A March 2018 New York Times article by sociologist, Zeynep Tufekci, set out the now widely reported thesis that YouTube is a radicalization engine. While follow up reporting by journalist Kevin Roose told a compelling tale of the personal experience of an individual, Caleb Cain, who described falling down an “alt right rabbit hole”; on YouTube. But researcher Manoel Horta Ribeiro, who was presenting the paper today, said the team wanted to see if they could find auditable evidence to support such anecdotes.
Their paper, called Auditing radicalization pathways on YouTube, details a large scale study of YouTube looking for traces of evidence — in likes, comments and views — that certain right-leaning YouTube communities are acting as gateways to fringe far-right ideologies.
Per the paper, they analyzed 330,925 videos posted on 349 channels — broadly classifying the videos into four types: Media, the Alt-lite, the Intellectual Dark Web (I.D.W.), and the Alt-right — and using user comments as a “good enough”; proxy for radicalization (their data-set included 72 million comments).
The findings suggest a pipeline effect over a number of years where users who started out commenting on alt-lite/IDW YouTube content shifted to commenting on extreme far-right content on the platform over time.
While the rate of overlap between consumers of Media content and the alt-right was found to be far lower.
He agreed it’s difficult to make an absolute claim that YouTube is to blame. But also argued that, as host to these communities, the platform is responsible.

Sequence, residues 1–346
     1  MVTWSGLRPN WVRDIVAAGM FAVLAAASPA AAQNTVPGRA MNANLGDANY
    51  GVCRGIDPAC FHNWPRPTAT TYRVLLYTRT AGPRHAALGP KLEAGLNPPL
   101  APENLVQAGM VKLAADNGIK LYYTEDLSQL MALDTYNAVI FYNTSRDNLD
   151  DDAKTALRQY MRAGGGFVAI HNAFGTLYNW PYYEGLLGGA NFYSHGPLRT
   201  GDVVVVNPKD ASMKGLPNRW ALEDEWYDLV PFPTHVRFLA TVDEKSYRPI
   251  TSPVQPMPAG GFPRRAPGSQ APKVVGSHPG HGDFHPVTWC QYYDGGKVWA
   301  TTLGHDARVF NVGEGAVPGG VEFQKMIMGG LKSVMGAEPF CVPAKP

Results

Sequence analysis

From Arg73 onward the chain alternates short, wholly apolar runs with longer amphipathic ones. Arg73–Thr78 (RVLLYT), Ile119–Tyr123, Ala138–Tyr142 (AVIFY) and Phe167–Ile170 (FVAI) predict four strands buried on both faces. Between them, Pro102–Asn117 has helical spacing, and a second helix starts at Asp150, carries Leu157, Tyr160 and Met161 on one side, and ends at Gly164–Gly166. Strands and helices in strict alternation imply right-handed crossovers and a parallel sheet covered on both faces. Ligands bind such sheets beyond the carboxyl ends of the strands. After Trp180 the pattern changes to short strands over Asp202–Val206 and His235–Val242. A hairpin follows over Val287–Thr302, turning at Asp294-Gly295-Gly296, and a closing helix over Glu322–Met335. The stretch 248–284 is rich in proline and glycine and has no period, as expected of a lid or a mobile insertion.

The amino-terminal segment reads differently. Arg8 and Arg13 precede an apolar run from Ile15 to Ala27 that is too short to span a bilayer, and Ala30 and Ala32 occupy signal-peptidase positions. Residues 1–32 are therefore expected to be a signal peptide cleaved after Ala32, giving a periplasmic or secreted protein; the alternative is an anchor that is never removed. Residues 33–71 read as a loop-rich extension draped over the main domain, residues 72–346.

“We do find evident traces of user radicalization, and I guess the question asks why is YouTube responsible for this? And I guess the answer would be because many of these communities they live on YouTube and they have a lot of their content on YouTube and that’s why YouTube is so deeply associated with it,”; he said.
“In a sense I do agree that it’s very hard to make the claim that the radicalization is due to YouTube or due to some recommender system or that the platform is responsible for that. It could be that something else is leading to this radicalization and in that sense I think that the analysis that we make it shows there is this process of users going from milder channels to more extreme ones. And this solid evidence towards radicalization because people that were not exposed to this radical content become exposed. But it’s hard to make strong causal claims — like YouTube is responsible for that.”;